Owner of floating B&B ready to move on

ST. PAUL, Minnesota (AP)—As a waitress at the former No Wake Cafe for four years, Liz Miller dreamed of someday owning a houseboat of her own. The small diner operated aboard a salvaged and re-purposed towboat moored off Harriet Island Regional Park, across the Mississippi River from the cliffs of downtown St. Paul.

The diner closed in 2000, but Miller stayed on as innkeeper for the floating bed-and-breakfast.

When owners Tom Welna and Ann Holt were ready to sell, Miller was ready to buy. Her dream became reality in 2004, and for the past 15 years she’s operated the Covington Inn, a four-bedroom, multi-level B-and-B that welcomes guests year-round, even in the dead of winter, to the quiet shoreline of the Mississippi.

Now Miller has another dream – to put Minnesota winter behind her for good.

She plans to pack up with her fiancé, a St. Paul Public Works employee, and run a hostel-like inn on a Panamanian island just south of Costa Rica’s Caribbean coast. Miller, a seasoned backpacker who has completed extensive travels throughout Europe and Latin America with her identical twin sister, has scouted out the area in Bocas del Toro. But first she needs to sell her houseboat, the St. Paul Pioneer Press reported.

“There’s been some interest, but we have to get it out of the water,” said Miller, who has been marketing the Covington Inn for sale since 2014. She’s asked Upper River Services to complete a hull inspection, which would require towing the 1940s-era towboat on dry land to their marine location beneath U.S. 52.

“Hopefully it’ll get done this October,” Miller said. “We have to wait for the river to cooperate. It has to be eight feet (high) or less. It’s eight feet right now.”

Over the past five years, Miller’s asking price has dropped from $650,000 to $499,000. The B-and-B can comfortably host eight guests overnight, or 11 with pullout beds. The inn can also host some 50 people for weddings and other special events. No one under age 14 is allowed overnight. Every room has a gas fireplace, private baths and views of the riverfront.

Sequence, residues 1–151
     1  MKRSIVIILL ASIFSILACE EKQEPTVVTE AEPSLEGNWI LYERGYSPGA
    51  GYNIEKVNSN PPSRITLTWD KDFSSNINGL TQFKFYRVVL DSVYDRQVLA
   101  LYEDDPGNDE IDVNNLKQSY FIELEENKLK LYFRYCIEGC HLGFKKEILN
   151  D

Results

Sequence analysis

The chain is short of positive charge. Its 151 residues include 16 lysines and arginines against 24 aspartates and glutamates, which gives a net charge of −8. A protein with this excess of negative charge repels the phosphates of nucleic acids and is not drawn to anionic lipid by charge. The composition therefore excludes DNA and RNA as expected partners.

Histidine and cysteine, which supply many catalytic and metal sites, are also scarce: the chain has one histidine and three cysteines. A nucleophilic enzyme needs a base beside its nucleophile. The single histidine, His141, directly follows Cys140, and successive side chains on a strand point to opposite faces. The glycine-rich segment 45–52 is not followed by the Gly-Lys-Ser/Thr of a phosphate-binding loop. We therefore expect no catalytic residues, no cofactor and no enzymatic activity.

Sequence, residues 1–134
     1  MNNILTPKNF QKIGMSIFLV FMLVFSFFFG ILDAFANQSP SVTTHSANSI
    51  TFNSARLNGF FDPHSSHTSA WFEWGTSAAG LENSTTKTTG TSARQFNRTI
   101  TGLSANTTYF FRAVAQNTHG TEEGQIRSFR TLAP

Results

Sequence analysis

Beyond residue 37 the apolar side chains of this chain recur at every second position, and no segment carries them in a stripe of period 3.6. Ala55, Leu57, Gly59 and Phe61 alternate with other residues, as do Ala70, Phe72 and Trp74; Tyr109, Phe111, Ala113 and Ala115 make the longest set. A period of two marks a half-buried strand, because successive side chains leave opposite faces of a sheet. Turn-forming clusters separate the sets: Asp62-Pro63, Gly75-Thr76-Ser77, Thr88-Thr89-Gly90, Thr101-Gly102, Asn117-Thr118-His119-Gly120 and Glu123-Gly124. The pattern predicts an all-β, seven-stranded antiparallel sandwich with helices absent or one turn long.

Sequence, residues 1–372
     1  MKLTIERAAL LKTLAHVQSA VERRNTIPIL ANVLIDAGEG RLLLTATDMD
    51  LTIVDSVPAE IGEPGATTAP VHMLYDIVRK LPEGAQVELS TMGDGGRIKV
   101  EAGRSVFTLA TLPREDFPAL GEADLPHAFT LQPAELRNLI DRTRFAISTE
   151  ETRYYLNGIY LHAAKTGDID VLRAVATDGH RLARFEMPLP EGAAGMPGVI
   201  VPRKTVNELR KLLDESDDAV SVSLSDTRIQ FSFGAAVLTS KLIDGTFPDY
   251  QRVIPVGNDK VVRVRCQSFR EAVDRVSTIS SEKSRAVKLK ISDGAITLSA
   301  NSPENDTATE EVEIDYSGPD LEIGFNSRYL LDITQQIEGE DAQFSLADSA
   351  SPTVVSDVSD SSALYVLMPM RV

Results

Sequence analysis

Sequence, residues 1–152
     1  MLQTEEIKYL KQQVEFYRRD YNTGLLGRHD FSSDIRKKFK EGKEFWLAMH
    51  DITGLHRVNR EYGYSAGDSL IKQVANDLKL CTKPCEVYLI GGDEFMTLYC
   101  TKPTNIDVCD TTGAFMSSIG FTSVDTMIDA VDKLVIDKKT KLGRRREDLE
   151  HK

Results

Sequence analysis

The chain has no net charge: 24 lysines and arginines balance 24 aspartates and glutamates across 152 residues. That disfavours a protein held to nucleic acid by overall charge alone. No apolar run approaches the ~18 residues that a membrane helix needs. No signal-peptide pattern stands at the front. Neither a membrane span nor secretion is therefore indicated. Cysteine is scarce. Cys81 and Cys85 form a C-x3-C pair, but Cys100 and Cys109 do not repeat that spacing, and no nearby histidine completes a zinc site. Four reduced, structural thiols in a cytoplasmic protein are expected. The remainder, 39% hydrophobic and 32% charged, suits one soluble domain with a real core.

It makes for a sizable home. The boat is 120 feet long and 28 feet wide, with 3,200 square feet of finished space and 2,200 square feet of deck space.

So what’s the best part of owning a floating B-and-B?

“Being my own boss. I don’t have to commute,” Miller said. “I barely drive. I put 3,000 (miles) on my car every two years. We have a little boat at the Upper Harbor – a 25-foot cabin cruiser. We go cruising around after I get people checked in, all summer long.”

And the worst part?

“The greatest amenity is the worst enemy,” she said. “I was closed for 42 nights this past spring for flooding. The water didn’t get the highest (ever), but it was the longest duration” in recent history.

When guests aren’t around, life on her side of the river can be a little quiet.

After 17 years at Harriet Island, the Minnesota Centennial Showboat – a replica paddleboat that once hosted University of Minnesota theater productions – sailed away in mid-September on a two-day journey to Winona, Minnesota. New owners plan to convert it into an event center.

Founded in 1969, Padelford Riverboats still host local river cruises. Events like the Irish Fair sometimes draw a crowd to the regional park. But despite the city’s long-standing stated intentions to breathe some new recreational energy into the Mississippi, Miller acknowledges it’s not exactly Cancun.

“I’m the only business – me and the Padelford hanging tough,” Miller said.

– Frederick Melo, St. Paul Pioneer Press


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